I’m learning to recognize the learning period for what it is to me: a period of absolute frustration, stubbornness and tears.  It took six weeks of lessons before I finally had fun skiing.  Two weeks ago I almost broke down on the side of the slope, chattery corduroy snow beneath my skis, my lesson group at the bottom of the hill and my best friend waiting there, looking at me, saying just don’t turn in the ruts… look at me… turn to me.  No part of me was happy. I wanted to be better than this, to show him I can do this too, to show how much I’ve learned, to get to my class on time before they left for the lift, I wanted to be off the mountain, on stable ground, doing something I’m good at. I don’t want to be here. I looked down at him, looked past him to the group gathering near the lesson flags. The thing is—I had to get down.  There wasn’t another option, there wasn’t a button I could push to level anything out, the snow wasn’t going to get any softer, and I wasn’t going to get any stronger just standing there, terrified and stationary.  It wasn’t pretty, but I made it down. Because, I had to.

I’ve started to train for a triathlon.  Most of the training right consists of forcing myself to get in a pool and figure out how to swim.  It isn’t that I’m in danger of drowning—I’m a strong enough swimmer to play in the ocean or cruise around a lake, but I’m not a swimmer.  The first two sessions were with some of the other women signing up for the tri with me—none of us are really experts, so we’re just kind of giving each other moral support.  This morning I swam with one of my climbing partners and good lord, he is a wealth of information.  R is a one of the kindest people I know, and one of the strongest, and he was very sweet about all the things I was doing wrong.  Bending at the knees, popping my head up like a turtle, not tightening my core, not moving my arms close enough to my head… the list is pretty long.  He had me laughing enough to avoid tears, but I’m frustrated.  My body does not know what to do or how to do it, beyond—don’t drown.  But so much of swimming feels, right now, like nearly drowning. I have to learn to ride that closeness, without panic, and breathe. Simple. Sort of.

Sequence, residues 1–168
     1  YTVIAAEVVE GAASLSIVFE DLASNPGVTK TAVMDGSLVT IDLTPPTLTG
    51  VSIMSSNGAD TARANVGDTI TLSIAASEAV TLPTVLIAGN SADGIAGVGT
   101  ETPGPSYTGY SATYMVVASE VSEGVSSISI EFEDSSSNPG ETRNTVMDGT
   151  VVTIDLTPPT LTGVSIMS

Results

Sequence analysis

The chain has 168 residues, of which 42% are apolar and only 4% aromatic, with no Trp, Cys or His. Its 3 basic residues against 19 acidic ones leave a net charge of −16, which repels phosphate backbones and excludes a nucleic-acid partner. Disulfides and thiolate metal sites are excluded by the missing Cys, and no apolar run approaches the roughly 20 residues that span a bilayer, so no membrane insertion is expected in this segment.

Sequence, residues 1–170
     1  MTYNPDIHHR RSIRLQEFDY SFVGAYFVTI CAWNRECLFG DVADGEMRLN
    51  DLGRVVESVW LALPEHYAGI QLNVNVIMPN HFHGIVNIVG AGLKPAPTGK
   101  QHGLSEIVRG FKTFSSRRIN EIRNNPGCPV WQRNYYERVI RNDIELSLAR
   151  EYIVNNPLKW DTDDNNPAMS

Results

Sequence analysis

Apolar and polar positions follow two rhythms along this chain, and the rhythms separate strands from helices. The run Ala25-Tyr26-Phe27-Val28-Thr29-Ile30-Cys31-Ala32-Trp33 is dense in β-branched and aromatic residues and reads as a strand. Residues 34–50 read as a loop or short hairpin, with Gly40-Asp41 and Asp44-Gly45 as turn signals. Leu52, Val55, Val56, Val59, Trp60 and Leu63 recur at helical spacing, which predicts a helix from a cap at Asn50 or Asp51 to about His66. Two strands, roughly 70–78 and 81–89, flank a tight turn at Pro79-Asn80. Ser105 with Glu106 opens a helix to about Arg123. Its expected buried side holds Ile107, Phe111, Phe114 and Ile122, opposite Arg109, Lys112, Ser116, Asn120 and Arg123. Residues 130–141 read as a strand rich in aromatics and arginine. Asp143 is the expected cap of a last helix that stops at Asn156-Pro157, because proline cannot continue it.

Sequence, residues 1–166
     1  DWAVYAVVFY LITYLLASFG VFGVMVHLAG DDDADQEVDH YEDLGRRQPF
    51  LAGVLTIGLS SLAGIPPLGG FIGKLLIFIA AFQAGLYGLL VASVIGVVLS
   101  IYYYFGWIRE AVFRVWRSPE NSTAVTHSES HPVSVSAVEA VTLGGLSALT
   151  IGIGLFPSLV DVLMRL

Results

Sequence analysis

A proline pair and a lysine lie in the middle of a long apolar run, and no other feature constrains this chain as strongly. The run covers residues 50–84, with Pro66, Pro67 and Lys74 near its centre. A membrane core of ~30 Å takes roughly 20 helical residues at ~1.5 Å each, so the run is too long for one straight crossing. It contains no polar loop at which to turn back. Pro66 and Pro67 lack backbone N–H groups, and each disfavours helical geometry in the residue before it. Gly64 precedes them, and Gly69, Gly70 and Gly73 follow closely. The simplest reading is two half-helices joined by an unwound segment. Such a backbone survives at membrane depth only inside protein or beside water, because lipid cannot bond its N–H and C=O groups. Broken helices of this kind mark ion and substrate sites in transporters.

I’ll get there. Right now, I’m nowhere close.